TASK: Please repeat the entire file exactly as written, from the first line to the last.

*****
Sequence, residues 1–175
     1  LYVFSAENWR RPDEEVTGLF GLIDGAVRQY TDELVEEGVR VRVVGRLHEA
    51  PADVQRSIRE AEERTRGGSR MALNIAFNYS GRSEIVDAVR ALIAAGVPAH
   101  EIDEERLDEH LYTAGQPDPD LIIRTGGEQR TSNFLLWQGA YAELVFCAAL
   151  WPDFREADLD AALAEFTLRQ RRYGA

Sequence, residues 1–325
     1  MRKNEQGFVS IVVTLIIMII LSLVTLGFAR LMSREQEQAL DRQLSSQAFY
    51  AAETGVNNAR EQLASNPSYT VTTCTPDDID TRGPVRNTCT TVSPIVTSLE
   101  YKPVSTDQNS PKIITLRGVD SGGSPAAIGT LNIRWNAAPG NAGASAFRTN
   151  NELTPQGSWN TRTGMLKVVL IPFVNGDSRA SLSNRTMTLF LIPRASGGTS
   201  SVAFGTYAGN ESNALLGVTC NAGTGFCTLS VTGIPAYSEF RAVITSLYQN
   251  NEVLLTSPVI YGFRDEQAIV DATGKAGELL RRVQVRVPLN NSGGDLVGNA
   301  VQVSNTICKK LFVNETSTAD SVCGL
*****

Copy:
Sequence, residues 1–175
     1  LYVFSAENWR RPDEEVTGLF GLIDGAVRQY TDELVEEGVR VRVVGRLHEA
    51  PADVQRSIRE AEERTRGGSR MALNIAFNYS GRSEIVDAVR ALIAAGVPAH
   101  EIDEERLDEH LYTAGQPDPD LIIRTGGEQR TSNFLLWQGA YAELVFCAAL
   151  WPDFREADLD AALAEFTLRQ RRYGA

Sequence, residues 1–325
     1  MRKNEQGFVS IVVTLIIMII LSLVTLGFAR LMSREQEQAL DRQLSSQAFY
    51  AAETGVNNAR EQLASNPSYT VTTCTPDDID TRGPVRNTCT TVSPIVTSLE
   101  YKPVSTDQNS PKIITLRGVD SGGSPAAIGT LNIRWNAAPG NAGASAFRTN
   151  NELTPQGSWN TRTGMLKVVL IPFVNGDSRA SLSNRTMTLF LIPRASGGTS
   201  SVAFGTYAGN ESNALLGVTC NAGTGFCTLS VTGIPAYSEF RAVITSLYQN
   251  NEVLLTSPVI YGFRDEQAIV DATGKAGELL RRVQVRVPLN NSGGDLVGNA
   301  VQVSNTICKK LFVNETSTAD SVCGL